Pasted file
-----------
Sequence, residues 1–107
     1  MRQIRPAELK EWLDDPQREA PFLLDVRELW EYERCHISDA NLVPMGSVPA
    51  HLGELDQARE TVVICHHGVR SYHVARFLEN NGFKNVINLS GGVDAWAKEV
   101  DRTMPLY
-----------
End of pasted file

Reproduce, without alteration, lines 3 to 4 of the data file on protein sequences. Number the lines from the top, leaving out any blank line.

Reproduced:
    51  HLGELDQARE TVVICHHGVR SYHVARFLEN NGFKNVINLS GGVDAWAKEV
   101  DRTMPLY